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My 065 made small pop while full bore.still have full compression and fire.what's up?

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  • Cars & Trucks Master
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Explain what a 065 is as there may be several different explanations available

Posted on Apr 07, 2015

  • mark Hogate Apr 07, 2015

    065 stihl chainsaw

  • Bill Boyd Apr 08, 2015

    the pop may be a back fire or an ignition in the sump of the engine at high rpms. It could be from an ignition source such as a hot piston , hot bearing. It could be from incorrect oil/fuel mixture . For starters I would check that the fuel being used is not e mix fuel as small motors do not like that fuel. next ,have the carby serviced and change the air filter. If the engine doesn't start after 2 pulls then it indicates a problem developing and the pop is the tell tale sign a major problems in the future

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1996 chevy tahoe 5.7 engine firing order


Engine Mechanical Specifications (5.7 L)
Application
Specification
Metric
English
General Data
Engine Type
V8
Displacement
5.7 L
350 CID
RPO (VIN Code)
L31 (R)
Bore
101.63 mm
4.0012 in
Stroke
88.39 mm
3.480 in
Compression Ratio
9.4:1
Firing Order
1-8-4-3-6-5-7-2

May 04, 2017 | Cars & Trucks

2 Answers

Have a spark plug not firing.


Are you sure it's actually a plug?
Are you getting oil on the plug?
The plug may be firing but you may be losing compression which gives the symptoms of a misfire. As you've changed the plug, lead and coil this points to to a problem elsewhere.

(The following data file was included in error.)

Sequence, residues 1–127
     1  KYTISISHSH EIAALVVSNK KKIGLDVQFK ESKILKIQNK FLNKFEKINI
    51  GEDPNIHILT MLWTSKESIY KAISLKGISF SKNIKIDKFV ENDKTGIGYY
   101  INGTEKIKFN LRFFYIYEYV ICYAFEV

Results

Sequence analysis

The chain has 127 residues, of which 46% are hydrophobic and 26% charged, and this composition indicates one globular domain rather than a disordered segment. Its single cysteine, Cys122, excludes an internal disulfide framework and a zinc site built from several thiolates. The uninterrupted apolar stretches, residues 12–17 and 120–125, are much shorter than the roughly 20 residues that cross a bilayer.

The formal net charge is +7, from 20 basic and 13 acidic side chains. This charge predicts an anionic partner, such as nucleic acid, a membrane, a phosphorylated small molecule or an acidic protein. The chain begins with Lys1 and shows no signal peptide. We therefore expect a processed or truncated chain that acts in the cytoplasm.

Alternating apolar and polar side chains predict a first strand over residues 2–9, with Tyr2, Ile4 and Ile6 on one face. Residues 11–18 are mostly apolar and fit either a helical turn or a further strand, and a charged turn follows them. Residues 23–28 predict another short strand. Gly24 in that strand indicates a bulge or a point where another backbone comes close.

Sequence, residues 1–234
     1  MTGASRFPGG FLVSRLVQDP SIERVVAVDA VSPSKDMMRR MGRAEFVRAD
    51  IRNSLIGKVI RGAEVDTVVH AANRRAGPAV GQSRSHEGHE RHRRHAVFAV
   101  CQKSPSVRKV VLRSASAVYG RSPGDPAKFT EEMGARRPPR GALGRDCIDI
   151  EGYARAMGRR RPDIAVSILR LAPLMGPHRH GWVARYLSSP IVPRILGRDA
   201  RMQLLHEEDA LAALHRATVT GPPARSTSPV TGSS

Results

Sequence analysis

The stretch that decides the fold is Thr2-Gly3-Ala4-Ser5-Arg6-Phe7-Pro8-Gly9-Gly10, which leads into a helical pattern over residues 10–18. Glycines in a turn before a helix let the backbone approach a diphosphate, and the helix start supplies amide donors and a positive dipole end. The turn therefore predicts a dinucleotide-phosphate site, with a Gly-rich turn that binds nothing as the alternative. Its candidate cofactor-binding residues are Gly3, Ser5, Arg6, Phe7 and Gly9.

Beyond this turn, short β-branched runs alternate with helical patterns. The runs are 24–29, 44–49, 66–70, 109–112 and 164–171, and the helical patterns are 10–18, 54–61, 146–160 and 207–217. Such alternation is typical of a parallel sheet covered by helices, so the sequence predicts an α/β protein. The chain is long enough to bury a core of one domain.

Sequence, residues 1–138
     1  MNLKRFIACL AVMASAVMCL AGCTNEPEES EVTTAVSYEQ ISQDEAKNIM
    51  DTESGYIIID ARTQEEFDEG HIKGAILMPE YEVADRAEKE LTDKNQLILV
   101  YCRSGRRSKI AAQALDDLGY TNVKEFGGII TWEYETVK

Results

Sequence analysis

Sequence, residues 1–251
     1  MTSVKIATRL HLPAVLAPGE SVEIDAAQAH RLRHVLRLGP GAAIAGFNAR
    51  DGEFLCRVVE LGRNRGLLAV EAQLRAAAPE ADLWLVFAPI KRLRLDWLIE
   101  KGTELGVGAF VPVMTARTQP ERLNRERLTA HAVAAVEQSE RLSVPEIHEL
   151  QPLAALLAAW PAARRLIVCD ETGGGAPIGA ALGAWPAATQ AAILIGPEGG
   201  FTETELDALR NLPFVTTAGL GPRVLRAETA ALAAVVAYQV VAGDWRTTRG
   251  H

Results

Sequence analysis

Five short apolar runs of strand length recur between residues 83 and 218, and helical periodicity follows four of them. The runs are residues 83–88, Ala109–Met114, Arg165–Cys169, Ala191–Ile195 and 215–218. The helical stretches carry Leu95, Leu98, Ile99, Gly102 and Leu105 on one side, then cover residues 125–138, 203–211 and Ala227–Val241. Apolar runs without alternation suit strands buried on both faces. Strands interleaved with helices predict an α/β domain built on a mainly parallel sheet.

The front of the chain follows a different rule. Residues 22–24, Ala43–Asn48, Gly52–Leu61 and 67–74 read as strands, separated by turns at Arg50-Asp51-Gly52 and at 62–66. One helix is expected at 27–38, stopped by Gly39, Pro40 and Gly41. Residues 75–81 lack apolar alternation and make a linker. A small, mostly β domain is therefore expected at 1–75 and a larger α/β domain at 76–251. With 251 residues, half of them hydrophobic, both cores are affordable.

Your first course of action should be to get a mobile mechanic carry out a diagnostic check for you.

To put your mind at rest, do a 2nd compression test using a light oil squirted into the bores:

Doing a Compression Test
Warm the engine. Remove all the spark plugs.
Get a pencil and piece of paper to note down the readings.
Put the compression tester into the No1 cylinder and crank the engine for 10 seconds.
Note down the compression reading.
Repeat process for all cylinders.

Here's an illustration of what you may expect on a 4 cylinder engine:
Cylinder 1 2 3 4
psi 125 122 120 124

125 is the uppermost figure for that engine. Here, this engine is fine. There's a slight variation in psi figures, but that's perfectly normal.

Here's the same engine:
Cylinder 1 2 3 4
psi 110 112 114 112

The psi reading is down. However, as all the figures are pretty much equal it doesn't indicate head /gasket problems. It may point towards worn pistons or burnt valves.

Now consider these psi readings:
Cylinder 1 2 3 4
psi 125 84 86 124

There's more than a 10% drop - a difference - between cylinder 1 and 2, and cylinders 3 and 4.
The compression readings for cylinders 2 and 3 is down; low. There's something clearly wrong.

It suggests that there is a defective head gasket between cylinders 2 and 3 or a crack in the cylinder head. The rising piston compresses the gases which escape into the adjoining cylinder via the defective gasket or cracked head.

However, it could also mean that there is a problem with the valves (burnt/not seating properly) or perhaps piston / ring problems.